They must also consider available resources - whether monetary, equipment, or person-hours. Why measure performance? Robert Behn points out, “neither the act of measuring performance nor the resulting data accomplishes anything itself; only when someone uses these measures in some way do they accomplish something.” Performance measures are the quantitative or numerical representation of activities and resources that help evaluate whether the goal is met. The easiest and best way of applying quantitative performance measures to qualitative goal statements is to specifically identify target rates or percentages for each goal. For example, one qualitative goal statement for the fire department might be to “control fire spread upon arrival.” The department could use the measure: percentage of fires that did not spread beyond the area of origin after arrival of the fire department.

When talking to public administrators and town officials, saying 88% of fires did not spread beyond the area of origin after fire department arrival doesn’t really mean much without an identified target goal. Of course, ideally everyone wants 100% of fires confined to the area of origin, but it is not always the case. Realistic target goals should be set. Communities aren’t static; they grow and change over time. Population size and characteristics can change. Building types and construction materials can change. A change in department policy (i.e., personnel levels, inspection frequency) can affect performance. The fire department should take all of these issues into consideration and compare its own community’s characteristics and department policy over time.

According to The Rand Fire Project, any public service must be measured by its effectiveness, efficiency, and equity. Effectiveness is concerned with the basic reason for providing the service. Measures of effectiveness determine how well a service does what it is supposed to do. To determine effectiveness, it’s important to look beyond immediate output and determine the associated consequences of that output. Efficiency is concerned with how well resources are used in providing the service. Efficiency measures are an economic criterion, most often associated with money. Equity is concerned with the relationship between those who pay and those who benefit. Equity measures look at the fairness in levels of service provided and citizen expectation (Chaiken and Ignall).


The Manila Fire District (MFD) reaffirms five broad goals: 1. Improve Fire/Emergency Response Operations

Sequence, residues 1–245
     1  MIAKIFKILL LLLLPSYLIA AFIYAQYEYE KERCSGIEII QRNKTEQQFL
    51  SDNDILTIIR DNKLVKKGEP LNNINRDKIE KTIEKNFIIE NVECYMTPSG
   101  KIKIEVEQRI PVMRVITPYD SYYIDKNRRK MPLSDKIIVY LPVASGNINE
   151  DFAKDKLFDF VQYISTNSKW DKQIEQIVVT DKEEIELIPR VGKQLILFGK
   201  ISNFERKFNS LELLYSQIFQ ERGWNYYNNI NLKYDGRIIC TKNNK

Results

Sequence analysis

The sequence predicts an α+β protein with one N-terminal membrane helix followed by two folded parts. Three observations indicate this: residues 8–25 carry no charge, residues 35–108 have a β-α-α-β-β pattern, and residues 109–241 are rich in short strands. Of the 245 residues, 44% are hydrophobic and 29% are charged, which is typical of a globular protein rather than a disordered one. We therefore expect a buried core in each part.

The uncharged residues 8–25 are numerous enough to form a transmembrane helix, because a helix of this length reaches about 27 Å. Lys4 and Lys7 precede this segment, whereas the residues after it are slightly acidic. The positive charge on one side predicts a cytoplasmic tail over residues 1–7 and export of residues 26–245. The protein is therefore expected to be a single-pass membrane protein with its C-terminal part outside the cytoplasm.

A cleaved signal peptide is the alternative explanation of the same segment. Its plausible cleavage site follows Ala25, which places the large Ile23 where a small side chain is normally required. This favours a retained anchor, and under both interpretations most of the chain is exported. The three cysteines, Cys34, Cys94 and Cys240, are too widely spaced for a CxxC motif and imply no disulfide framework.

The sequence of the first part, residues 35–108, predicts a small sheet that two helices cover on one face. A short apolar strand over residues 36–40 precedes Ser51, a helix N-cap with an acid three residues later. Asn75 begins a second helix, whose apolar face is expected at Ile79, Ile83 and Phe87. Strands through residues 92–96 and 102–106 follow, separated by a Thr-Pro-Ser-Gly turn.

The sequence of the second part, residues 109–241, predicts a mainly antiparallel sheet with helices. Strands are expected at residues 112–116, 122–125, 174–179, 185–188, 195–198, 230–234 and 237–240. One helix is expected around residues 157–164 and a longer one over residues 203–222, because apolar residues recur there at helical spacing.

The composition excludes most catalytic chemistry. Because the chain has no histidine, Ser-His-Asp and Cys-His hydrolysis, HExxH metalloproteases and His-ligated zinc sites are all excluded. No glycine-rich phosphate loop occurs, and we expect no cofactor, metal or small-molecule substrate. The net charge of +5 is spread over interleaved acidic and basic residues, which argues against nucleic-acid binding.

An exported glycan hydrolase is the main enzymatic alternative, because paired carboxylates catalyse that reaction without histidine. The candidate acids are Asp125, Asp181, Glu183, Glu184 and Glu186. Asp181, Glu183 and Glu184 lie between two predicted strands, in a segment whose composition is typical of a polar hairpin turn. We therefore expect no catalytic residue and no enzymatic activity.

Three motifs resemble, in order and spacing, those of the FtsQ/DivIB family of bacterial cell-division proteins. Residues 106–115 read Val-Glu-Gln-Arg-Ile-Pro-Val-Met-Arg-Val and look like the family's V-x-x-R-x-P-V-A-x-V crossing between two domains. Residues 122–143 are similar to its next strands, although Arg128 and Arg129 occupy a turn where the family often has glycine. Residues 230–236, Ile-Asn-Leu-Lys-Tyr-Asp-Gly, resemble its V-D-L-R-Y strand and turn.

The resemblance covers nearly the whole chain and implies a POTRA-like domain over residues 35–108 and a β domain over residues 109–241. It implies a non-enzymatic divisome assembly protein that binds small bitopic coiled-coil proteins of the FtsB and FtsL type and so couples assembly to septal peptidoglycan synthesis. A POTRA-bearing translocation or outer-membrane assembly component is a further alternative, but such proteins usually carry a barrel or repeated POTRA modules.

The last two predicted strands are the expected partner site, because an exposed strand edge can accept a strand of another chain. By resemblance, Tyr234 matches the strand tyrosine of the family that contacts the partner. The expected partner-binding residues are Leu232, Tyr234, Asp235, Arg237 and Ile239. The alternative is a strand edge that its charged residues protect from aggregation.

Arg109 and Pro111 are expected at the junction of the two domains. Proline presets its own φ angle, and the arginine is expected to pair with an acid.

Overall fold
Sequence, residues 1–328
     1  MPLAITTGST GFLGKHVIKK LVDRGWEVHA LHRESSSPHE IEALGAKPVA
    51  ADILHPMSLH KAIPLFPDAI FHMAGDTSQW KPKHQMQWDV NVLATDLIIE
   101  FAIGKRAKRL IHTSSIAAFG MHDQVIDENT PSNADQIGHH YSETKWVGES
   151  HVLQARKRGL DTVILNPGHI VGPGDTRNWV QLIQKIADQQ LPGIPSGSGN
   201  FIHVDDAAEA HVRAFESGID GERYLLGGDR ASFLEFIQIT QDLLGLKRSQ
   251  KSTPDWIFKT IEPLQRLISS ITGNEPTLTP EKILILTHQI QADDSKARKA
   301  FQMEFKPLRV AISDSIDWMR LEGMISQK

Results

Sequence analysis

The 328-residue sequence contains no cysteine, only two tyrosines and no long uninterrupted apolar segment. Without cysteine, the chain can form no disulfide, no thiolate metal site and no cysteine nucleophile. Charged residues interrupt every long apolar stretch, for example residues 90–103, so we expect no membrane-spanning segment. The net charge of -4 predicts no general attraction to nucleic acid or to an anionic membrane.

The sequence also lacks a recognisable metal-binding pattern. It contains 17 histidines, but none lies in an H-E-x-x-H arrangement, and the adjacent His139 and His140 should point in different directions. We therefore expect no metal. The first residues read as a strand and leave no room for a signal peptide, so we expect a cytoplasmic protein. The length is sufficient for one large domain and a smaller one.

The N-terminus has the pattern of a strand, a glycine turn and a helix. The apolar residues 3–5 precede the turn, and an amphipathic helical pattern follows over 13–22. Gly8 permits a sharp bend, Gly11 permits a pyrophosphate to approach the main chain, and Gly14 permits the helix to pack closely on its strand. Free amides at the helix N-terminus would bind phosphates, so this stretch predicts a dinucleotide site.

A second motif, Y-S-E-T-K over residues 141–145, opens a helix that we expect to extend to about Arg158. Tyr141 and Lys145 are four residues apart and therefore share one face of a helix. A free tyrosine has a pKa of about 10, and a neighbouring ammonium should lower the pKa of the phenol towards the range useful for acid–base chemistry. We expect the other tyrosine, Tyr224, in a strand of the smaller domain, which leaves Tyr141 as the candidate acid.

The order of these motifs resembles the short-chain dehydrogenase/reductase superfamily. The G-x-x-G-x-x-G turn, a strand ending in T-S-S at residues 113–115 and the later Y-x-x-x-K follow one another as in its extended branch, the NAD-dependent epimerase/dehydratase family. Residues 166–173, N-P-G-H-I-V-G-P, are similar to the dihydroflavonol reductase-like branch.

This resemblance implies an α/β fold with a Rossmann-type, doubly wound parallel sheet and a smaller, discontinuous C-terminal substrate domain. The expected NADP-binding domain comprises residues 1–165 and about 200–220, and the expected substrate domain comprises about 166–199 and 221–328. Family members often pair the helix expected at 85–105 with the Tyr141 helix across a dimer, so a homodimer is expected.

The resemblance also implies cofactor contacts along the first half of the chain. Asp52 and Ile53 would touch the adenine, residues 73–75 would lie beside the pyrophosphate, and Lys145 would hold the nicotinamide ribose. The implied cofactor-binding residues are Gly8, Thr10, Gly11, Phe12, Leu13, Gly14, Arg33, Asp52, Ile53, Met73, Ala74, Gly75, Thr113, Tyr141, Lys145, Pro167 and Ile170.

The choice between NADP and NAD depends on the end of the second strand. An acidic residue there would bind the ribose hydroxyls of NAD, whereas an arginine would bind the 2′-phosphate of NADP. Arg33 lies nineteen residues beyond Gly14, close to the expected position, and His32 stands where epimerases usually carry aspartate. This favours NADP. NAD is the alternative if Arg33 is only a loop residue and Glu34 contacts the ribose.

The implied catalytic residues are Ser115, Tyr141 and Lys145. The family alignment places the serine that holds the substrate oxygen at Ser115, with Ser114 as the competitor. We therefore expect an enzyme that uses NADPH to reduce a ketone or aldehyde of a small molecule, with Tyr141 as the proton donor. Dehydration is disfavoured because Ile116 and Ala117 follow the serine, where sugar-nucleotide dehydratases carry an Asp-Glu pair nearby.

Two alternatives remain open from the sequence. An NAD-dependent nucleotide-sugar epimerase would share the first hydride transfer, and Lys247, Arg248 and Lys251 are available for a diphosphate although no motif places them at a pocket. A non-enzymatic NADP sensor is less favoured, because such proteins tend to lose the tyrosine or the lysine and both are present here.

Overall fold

2.1 Enhance the Department’s preparedness to respond to fires, emergencies, disasters and acts of terrorism. The Department’s highest priority continues to be to enhance its operational capacity to respond to fires, pre-hospital care emergencies, building collapses and hazardous materials incidents, as well as natural disasters, terrorist acts and other emergencies.

2.2 Fire Management Program

2.3.1 Pre-Suppression Training: All personnel shall receive training in first aid, fireline safety, fire behavior and techniques and methods of fire suppression. This shall include periodic hands-on training with hand tools and equipment, as well as crew and fireline organization. Supervisors and fire management personnel need special training in fire control tactics to insure their competence when directing fire suppression operations. Pre-attack planning is required at Administrative Staff and Branch levels for the gathering, coordinating and recording of intelligence, as well as the construction of certain fire control facilities, to insure the rapid and efficient suppression of fire on any given area.

Pre-attack planning will include: (a) Assess and map existing facilities, firelines and access route, which are judged to be important to the successful control of fires. (b) Identify and propose additional facilities, firelines, and other aids to fire control, including maintenance required. (c) An estimate of personnel, equipment, and other factors needed including other agency cooperators that will provide for safe and efficient fire control. (d) Identify natural and physical resources of special importance. (e) Construct and maintain new lines and facilities according to plan, by priority, as funds and time permit. (f) Keep pre-attack plans current to annual field checks and revisions. Equipment and Material Readiness